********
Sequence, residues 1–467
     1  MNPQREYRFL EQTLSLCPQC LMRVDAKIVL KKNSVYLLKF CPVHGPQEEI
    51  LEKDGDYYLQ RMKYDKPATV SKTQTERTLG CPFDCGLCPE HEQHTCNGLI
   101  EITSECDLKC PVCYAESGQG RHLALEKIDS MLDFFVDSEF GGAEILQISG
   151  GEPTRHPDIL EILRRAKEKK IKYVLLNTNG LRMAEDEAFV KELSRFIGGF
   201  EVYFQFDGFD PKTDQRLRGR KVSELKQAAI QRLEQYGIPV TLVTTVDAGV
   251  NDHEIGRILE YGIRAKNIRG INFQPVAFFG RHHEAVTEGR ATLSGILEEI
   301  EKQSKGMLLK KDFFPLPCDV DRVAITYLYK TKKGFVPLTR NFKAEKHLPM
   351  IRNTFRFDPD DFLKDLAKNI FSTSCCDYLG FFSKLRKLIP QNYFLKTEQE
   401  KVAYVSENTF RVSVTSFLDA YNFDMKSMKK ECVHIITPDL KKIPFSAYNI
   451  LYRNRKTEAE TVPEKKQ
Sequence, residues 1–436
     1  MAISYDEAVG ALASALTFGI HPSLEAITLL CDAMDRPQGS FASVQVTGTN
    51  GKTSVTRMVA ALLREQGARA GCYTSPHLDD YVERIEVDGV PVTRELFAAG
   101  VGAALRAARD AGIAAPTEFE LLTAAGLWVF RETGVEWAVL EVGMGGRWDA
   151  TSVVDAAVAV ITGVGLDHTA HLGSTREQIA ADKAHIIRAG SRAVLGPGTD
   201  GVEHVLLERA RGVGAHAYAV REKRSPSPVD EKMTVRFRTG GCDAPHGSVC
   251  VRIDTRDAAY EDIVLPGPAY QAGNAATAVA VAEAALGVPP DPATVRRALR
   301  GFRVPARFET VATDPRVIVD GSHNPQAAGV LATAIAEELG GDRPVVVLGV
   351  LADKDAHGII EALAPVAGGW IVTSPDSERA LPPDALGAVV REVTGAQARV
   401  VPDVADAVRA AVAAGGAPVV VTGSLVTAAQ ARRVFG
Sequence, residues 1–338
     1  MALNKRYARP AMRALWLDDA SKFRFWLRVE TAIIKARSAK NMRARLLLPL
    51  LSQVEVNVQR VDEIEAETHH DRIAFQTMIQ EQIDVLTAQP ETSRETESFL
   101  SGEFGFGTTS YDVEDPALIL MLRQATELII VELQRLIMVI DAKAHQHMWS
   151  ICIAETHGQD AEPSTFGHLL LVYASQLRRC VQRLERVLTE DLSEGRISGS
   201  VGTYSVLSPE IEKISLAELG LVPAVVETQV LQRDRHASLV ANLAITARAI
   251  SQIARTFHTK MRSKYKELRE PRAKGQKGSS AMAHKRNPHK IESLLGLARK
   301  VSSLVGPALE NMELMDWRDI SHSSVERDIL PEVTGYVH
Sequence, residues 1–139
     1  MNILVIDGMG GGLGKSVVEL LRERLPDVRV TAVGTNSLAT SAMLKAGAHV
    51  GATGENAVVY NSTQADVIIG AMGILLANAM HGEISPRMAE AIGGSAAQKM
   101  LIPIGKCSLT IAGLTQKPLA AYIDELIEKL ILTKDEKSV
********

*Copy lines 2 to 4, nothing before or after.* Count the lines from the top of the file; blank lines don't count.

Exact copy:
     1  MNPQREYRFL EQTLSLCPQC LMRVDAKIVL KKNSVYLLKF CPVHGPQEEI
    51  LEKDGDYYLQ RMKYDKPATV SKTQTERTLG CPFDCGLCPE HEQHTCNGLI
   101  EITSECDLKC PVCYAESGQG RHLALEKIDS MLDFFVDSEF GGAEILQISG